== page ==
spray on foam insulation

Discussion in 'Remodel Forum & Blog' started by rich-pittsburgh, Mar 16, 2007.

  1. rich-pittsburgh

    rich-pittsburgh New Member

    Feb 4, 2007
    I am putting on a second floor addtion to my house and we are at the point that we are getting ready to insulate. I already bought the fiberglass batts, but my wife and I just attended a local home show and saw a company that does spray on insulation. insulright is the name of the company. They are coming out in a few days to give us a quote to do the walls and the attic below the roof - they say that it doesn't really raise the temperature of the roof signifgantly and from what I have read they are correct and that it really keeps the temp down in the attic. With having installed the HVAC in the attic, keeping this area somewhat controlled environment sounds like a good idea. I am sure that this stuff insulates far better than fiberglass, but a few questions that I have are:
    a. Does this seal the house up to much - I know you want some fresh air coming in.
    b. does it cause any problems to the electric wiring over time?
    c. How do inspectors view this stuff?
    d. Is there any other potential problems with it?

    Thanks to all who have answered my other questions - you have been most helpful.

  2. jimbo

    jimbo Plumber

    Aug 31, 2004
    San Diego, CA
    The attic MUST be ventilated....WELL ventilated. Insulation must not block soffit vents. It would not hurt wiring, but must not cover electrical light fixture unless you know for sure that they are IC rated.

    If you are putting insulation on the underside of the rafters, and you are in snow country, that is a bad idea unless you ventilate between the roof and the insualtion.
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  4. geniescience

    geniescience Homeowner

    Nov 27, 2005
    humid summers hot, humid winters cold
    It works well and will replace loose fiberglass batts within a matter of years not decades, in my opinion. Notice that batts are never used in "real" buildings? I mean big concrete or steel ones, commercial and industrial. Batts insulate well in a lab test where there is no air movment, no wind, no barometric pressure. They act as very porous filters in the real world, in fact they ARE filters when you buy the very same material as a furnace filter. Batts also do not insulate well when moist humid or wet. Attics do get moist, because water vapor (an invisible gas unless higly concentrated) rises fast in air. This is why you need to dehumidify attics, or ensure that enough outside air gets in to dilute the moist air inside.

    After you insulate with foam, you will have both a good insulator and an airtight cover sealing nuisance air leakages and heat losses. Your HVAC or air handling system handles humidity buildup. How you manage humitidy in your attic is not something that one can advise on from a distance, one has to be there and diagnose the situation in real time.

    In a house built with traditional 2x4 methods, you will not have sealed the house up too much. There are services that can measure the number of air exchanges per hour in a house, if you want to measure this. Remember you have all those bathroom vent ducts, and the dryer vent, and the kitchen range vent, and all those leaky doors and windows. Add to this all the leaks that you cannot see but sometimes feel when a cold winter wind storm pushes air through electrical outlet holes and all the other openings (for lights, switches stairs, etc) that you don't put your hand next to.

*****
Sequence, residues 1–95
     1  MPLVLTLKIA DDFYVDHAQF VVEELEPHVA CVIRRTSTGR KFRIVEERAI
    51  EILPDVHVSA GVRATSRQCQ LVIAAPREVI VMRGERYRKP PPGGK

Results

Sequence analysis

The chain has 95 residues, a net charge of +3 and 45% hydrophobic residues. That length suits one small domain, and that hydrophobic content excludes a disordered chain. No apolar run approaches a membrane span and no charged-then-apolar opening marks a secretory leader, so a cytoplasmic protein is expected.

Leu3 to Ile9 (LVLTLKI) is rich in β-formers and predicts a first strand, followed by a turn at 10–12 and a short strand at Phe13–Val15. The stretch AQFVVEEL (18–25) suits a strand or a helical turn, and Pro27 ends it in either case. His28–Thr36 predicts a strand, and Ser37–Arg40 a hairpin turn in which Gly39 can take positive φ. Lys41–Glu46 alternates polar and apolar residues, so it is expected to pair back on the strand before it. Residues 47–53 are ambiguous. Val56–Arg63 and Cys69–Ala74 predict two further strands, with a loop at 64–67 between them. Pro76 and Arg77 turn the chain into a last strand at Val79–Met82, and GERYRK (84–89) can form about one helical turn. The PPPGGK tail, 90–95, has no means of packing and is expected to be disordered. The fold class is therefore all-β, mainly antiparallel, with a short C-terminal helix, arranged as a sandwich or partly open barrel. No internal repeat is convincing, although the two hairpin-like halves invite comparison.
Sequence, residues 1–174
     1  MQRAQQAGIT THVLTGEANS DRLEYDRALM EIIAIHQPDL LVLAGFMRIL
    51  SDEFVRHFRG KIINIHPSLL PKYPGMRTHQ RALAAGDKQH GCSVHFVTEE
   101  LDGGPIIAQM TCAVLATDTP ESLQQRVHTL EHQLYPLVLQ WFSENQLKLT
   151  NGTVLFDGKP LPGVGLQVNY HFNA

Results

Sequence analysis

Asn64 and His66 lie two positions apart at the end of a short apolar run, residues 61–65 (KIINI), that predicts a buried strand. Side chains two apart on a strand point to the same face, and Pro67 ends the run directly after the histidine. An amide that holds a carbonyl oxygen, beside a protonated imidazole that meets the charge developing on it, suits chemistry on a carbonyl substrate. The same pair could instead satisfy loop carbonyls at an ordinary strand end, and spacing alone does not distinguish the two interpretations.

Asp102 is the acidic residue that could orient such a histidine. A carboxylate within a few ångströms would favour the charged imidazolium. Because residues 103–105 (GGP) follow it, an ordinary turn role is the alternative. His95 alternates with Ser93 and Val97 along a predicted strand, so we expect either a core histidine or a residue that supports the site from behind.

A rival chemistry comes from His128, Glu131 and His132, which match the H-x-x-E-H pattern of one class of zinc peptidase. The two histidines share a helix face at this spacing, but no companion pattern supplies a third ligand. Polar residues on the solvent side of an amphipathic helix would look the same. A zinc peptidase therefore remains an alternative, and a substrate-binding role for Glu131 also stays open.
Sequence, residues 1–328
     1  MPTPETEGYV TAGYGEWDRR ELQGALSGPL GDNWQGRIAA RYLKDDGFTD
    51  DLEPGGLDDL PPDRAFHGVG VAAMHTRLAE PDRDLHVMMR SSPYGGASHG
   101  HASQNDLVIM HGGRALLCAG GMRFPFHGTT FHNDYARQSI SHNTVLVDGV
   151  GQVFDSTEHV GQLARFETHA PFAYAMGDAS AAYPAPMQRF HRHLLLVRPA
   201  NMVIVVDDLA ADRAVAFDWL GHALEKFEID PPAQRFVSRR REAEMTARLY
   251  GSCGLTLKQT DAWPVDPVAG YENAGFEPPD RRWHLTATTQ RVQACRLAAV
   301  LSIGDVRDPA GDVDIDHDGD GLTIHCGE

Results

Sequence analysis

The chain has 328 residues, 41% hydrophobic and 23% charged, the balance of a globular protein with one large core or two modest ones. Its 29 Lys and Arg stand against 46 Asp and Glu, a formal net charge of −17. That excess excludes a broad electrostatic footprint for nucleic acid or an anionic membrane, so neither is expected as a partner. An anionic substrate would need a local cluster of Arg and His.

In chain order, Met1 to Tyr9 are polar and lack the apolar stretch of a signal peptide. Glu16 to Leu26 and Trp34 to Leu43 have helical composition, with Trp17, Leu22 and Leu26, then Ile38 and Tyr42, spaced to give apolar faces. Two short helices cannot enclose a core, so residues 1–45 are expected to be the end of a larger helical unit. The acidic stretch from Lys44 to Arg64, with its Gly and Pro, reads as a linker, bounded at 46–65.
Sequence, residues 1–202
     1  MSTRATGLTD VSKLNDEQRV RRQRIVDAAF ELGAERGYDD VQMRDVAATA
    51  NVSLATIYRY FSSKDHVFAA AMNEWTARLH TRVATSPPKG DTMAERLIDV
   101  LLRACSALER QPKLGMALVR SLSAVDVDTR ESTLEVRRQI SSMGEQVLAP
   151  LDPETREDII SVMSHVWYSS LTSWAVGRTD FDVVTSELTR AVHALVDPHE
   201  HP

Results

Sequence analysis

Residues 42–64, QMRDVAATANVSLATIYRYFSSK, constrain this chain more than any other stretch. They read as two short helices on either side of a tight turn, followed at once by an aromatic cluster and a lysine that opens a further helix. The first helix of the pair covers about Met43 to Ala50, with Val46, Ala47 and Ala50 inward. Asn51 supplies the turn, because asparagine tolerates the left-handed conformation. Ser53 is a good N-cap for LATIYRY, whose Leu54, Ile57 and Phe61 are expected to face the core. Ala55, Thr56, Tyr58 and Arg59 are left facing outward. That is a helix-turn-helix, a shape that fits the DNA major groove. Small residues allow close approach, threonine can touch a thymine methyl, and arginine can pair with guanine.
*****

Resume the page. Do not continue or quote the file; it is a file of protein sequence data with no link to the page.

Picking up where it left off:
5. leejosepho

    leejosepho DIY scratch-pad engineer

    Nov 23, 2006
    disabled-retired industrial fabricator
    200 miles south of Little Rock
    A former friend and landlord of mine used to have his own insulation business and now sells for another company, and about three years ago he sent a crew out to foam the underside of a dormer I was making into a small bedroom in one of his own places where my wife and I used to live. The material they sprayed that day was ultimately only about an inch thick on the underside of the sheathing and between the rafters ...

    No, it only "seals" the bottom side of the roof sheathing.

    No, there is no wiring there.

    If there is no ambient source, probably with a flashlight! ;)

    Not if my squeaky-tight former friend puts it in his own rentals.

    ("Former" is because he got really nasty when after renting from him for over ten years on an unfulfilled promise to at least consider selling to us, my wife and I finally found a way to get a loan for our own house.)
  6. alternety

    alternety Like an engineer

    Apr 2, 2006
    Foaming the bottom of the roof actually works better with snow. Keeping a cold deck pretty much cures ice dams. It certainly keeps the attic cooler in the summer.

    I foamed the attic floor and sort of wish I had done the roof deck. Much simpler to control air tightness without having to get under all the stuff in the attic (mechanicals, funny framing, lights. I spent hours in a sauna bath attic and ruined a pair of eyeglasses (urethane speckles) doing some spraying to fix what the foamer was/not doing. I think it is tight. When I close a door, my window glass moves.

    This makes the attic conditioned space. I did however add fluffy stuff to get the full R value. That would have been a more complicated issue if I had foamed the roof.

    This attic should not be vented to the outside but should have air circulating from the house.
  7. FloridaOrange

    FloridaOrange Plumbing Designer

    Dec 2, 2005
    Plumbing Designer
    SW Florida
    In Florida the attic, if the air handler is mounted there, must be "conditioned". Basically means the attic usually gets foam sealed at the underside of the roof deck. Small leakage from the unit qualifies as conditioning the space. It's common practice with new construction.
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